In book three of the Lucy Nightingale Adventure Series, The Gravity Thief, Lucy is confronted with her biggest challenge.
Lucy and her class visit the Emily Sears Museum and find that a valuable painting has been stolen. When Lucy slips away from her class and peeks into the room where the painting had been hanging, she hears mysterious sounds coming from inside a wall. The next morning, she discusses this with her best friend, Sam Winter who reads her this newspaper headline. ‘Thieves abscond with Vermeer masterpiece, the Music Lesson, is GONE!”
That night she creeps into the museum to investigate and finds a little Dutch boy named Pieter. Pieter tells Lucy that two men stole his world. He is an apparition who lives in the Music Lesson. Like the other painted figures in the gallery, Pieter likes to climb out of his painting and explore our world when no one is around. The night of the robbery Pieter didn’t have time to get back into his painting. This is troubling because he can’t live in our atmosphere for more than five days.
Lucy is determined to save Pieter by getting the painting back. The idea that people inside paintings behave differently when they can’t be seen is a scientific anomaly, a huge one, and it is a perfect mystery for SLARP, Sam and Lucy’s Anomalies Research Project. When they discover that an evil mastermind ordered the theft because of the secret hidden in the painting, the mystery turns into a race against time to save not just a little boy, but the world.
The prose is perfectly suited to middle graders, but the discussions of particle physics may push the limits of comprehension even for adult audiences. Lucy’s genuine friendship with Sam offers a spot of delightful normalcy, and his plain-language explanations of concepts such as human neurology (“I think bad people are just good people whose synapses have misfired, leaking the wrong chemicals into their lizard brain”) will help less science-minded readers follow along. Some extraneous elements of the narrative could use a bit more explanation, and mundane moments, such as a boat voyage to the Island of Sklaw, are rendered so dramatically that they feel absurd and give the whole story a dreamlike quality.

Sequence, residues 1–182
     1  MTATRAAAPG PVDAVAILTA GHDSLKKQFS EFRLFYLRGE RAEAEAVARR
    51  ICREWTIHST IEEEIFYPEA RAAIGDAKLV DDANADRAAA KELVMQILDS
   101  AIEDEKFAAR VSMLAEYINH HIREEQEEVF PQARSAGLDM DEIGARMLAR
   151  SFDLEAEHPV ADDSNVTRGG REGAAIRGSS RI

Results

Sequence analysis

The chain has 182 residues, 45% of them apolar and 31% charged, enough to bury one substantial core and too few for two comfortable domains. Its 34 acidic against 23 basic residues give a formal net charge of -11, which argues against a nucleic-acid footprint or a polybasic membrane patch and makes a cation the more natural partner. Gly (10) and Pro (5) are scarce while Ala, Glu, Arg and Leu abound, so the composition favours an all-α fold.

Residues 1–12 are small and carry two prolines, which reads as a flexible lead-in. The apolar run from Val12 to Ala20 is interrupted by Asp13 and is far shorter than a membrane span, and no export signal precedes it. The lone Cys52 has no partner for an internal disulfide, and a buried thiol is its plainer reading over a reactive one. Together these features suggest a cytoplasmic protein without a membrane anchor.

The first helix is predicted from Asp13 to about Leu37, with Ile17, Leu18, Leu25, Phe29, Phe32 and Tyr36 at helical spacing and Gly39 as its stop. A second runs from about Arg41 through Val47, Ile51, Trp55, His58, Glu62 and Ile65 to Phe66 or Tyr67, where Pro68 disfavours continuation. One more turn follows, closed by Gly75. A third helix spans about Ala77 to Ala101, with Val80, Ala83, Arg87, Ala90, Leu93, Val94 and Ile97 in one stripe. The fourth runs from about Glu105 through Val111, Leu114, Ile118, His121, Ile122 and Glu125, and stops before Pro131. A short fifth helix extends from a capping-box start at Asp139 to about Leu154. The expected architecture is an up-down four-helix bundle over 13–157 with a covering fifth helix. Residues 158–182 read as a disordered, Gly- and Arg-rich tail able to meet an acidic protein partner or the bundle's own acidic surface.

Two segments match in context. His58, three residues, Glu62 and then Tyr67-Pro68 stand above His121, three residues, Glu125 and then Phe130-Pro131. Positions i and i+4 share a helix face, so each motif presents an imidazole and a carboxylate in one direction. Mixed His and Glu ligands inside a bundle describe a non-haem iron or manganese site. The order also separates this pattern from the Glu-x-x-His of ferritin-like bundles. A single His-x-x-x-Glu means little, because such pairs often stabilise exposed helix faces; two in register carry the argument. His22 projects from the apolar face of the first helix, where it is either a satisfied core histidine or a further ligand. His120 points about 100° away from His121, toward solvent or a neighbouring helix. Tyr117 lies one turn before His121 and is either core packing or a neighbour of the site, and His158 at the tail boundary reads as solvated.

Lucy’s well-rounded character is a highlight. Readers will appreciate not only her determination and grit but also her empathy, capacity for learning, and open-mindedness. The inclusion of reproductions of the artworks discussed in the text allows readers to better connect with them, while Hilaire’s quirky illustrations enhance the fun. Lodge’s creative storytelling will keep readers engaged by encouraging them to indulge flights of fancy, giving them permission to stretch their horizons and delight in both art and science.
Takeaway: This delightfully fun and educational novel will encourage older tweens and teens to appreciate both physics and fine art.
Great for fans of Chandler Baker’s Teen Frankenstein, Stuart Gibbs.
Design and typography: A
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